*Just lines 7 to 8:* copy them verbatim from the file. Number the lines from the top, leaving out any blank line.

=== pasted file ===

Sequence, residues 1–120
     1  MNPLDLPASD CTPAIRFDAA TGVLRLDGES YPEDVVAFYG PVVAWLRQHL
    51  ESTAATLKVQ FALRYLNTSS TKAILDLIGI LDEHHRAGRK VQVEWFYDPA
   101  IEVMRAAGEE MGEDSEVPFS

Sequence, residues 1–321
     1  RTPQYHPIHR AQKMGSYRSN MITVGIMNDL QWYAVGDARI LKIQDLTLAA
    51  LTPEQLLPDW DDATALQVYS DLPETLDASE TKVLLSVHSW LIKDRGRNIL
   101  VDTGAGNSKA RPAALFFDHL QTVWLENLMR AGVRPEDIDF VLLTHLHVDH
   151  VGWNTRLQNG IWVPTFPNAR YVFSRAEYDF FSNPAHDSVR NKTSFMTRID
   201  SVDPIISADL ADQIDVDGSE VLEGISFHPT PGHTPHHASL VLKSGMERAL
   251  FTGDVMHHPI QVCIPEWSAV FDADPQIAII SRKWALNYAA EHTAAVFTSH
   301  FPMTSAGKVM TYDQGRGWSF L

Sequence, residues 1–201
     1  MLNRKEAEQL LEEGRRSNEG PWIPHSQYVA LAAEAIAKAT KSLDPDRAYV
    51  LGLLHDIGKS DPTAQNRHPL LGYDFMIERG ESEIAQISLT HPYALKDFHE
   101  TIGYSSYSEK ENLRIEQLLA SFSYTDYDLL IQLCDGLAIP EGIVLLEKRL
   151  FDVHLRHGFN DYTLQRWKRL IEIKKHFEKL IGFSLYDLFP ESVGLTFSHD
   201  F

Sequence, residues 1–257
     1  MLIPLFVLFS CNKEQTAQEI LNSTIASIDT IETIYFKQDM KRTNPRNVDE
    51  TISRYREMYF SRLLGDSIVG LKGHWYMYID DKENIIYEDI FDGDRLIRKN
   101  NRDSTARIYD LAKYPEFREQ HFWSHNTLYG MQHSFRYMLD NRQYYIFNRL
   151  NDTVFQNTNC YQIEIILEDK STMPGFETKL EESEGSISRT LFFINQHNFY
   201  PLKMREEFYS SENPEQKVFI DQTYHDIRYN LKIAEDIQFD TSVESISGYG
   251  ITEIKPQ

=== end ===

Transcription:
    51  LTPEQLLPDW DDATALQVYS DLPETLDASE TKVLLSVHSW LIKDRGRNIL
   101  VDTGAGNSKA RPAALFFDHL QTVWLENLMR AGVRPEDIDF VLLTHLHVDH